A News Editor Lost His Court Battle Against Violator of Press Freedom

21 January 2004

Four defendants in the 2000 shooting of a news editor of Thailand’s northern daily were acquitted in Chiang Mai court’s verdict today.

The court acquitted the defendants because Amnat Jongyotying, the plaintiff who was shot at his stomach by one the defendants, was unable to recognize the gunman. The court also cited the that the witness’ account was weak and inconsistent.

Amnat, the editor of Northern Daily, said that he was disappointed by the verdict. “I felt I have no credibility,’’ he told Southeast Asian Press Alliance (SEAPA).

“I am losing a fight for press freedom,” he said.

In earlier testimony, Amnat said he recognized well the gunman even though he saw him for the first time.

The broad daylight shooting took place in a town center. Amnat was getting into his car when he saw an assailant walking towards him before he opened fired. The second man then attacked and beat him up to make sure that he died. Amnat said he escaped death by pretending to be death.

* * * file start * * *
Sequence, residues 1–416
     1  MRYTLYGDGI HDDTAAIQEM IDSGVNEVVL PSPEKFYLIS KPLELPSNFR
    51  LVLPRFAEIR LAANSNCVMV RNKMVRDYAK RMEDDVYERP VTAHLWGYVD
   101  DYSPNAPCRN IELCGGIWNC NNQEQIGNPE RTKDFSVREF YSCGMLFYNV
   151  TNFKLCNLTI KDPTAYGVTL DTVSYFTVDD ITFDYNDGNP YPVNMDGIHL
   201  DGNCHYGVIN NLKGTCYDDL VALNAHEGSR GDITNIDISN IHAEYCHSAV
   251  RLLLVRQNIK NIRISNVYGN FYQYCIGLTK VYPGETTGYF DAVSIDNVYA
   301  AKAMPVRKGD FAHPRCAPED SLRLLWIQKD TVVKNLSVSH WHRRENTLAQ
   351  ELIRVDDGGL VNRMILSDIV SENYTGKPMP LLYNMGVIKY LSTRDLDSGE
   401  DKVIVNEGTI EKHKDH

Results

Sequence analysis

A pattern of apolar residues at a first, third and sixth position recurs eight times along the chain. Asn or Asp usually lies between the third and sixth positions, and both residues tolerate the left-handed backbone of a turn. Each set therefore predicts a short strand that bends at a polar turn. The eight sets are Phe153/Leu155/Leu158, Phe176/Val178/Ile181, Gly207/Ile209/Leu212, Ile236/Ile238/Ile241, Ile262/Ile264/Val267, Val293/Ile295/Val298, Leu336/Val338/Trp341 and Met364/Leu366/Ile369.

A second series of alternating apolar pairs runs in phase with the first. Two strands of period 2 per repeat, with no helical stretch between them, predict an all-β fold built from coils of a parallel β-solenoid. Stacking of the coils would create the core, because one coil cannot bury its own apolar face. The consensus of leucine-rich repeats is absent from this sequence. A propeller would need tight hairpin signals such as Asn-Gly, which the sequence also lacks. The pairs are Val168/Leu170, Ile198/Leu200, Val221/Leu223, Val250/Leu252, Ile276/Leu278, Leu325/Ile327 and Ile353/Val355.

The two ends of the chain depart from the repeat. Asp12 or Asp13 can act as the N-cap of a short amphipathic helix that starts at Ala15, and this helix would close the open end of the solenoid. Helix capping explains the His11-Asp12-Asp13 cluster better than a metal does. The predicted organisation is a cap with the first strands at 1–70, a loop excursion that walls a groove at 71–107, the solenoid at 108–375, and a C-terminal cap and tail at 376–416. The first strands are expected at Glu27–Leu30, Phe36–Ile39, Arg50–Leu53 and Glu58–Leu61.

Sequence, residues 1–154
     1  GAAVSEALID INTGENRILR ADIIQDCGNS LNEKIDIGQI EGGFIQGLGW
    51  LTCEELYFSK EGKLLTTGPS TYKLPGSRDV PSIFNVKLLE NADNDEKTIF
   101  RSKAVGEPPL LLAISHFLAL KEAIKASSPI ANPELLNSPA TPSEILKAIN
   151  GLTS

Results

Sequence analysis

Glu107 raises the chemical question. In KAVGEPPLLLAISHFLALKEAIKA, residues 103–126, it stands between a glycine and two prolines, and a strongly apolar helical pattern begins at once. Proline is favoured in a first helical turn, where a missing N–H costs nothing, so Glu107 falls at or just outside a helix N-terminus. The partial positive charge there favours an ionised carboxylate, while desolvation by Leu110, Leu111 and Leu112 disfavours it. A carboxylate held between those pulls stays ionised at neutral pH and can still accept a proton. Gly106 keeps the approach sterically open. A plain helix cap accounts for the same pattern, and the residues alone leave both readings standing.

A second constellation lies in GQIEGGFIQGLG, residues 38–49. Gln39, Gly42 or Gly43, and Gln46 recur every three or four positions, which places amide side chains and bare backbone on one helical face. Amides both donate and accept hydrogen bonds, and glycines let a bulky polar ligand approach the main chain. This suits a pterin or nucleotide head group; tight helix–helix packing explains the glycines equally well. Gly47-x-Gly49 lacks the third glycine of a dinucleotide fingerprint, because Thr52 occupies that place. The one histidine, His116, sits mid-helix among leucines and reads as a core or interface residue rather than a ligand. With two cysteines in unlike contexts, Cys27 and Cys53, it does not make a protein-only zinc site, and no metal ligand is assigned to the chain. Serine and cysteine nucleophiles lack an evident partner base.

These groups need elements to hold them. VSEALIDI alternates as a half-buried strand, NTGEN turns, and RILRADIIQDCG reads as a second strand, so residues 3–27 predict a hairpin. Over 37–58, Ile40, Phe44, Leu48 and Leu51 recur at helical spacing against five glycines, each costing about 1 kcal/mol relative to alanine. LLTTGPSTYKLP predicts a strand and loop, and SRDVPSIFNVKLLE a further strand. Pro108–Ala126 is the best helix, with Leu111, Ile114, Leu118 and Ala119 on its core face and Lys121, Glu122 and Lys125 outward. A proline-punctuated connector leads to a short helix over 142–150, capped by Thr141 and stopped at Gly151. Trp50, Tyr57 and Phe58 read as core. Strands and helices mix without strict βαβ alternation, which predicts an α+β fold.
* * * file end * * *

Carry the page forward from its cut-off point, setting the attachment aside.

Witness saw the two men running to a car with one driver and the fourth man waiting inside before running off.

It was unclear if Amnat would appeal.

The attempted murder was a direct threat to the press freedom as it was motivated by his expose of corruption at provincial and local administration in Chiang Mai.

Local media associations, Committee to Project Journalists, SEAPA and other have sought protection and support for him and his families to keep his newspaper business running.

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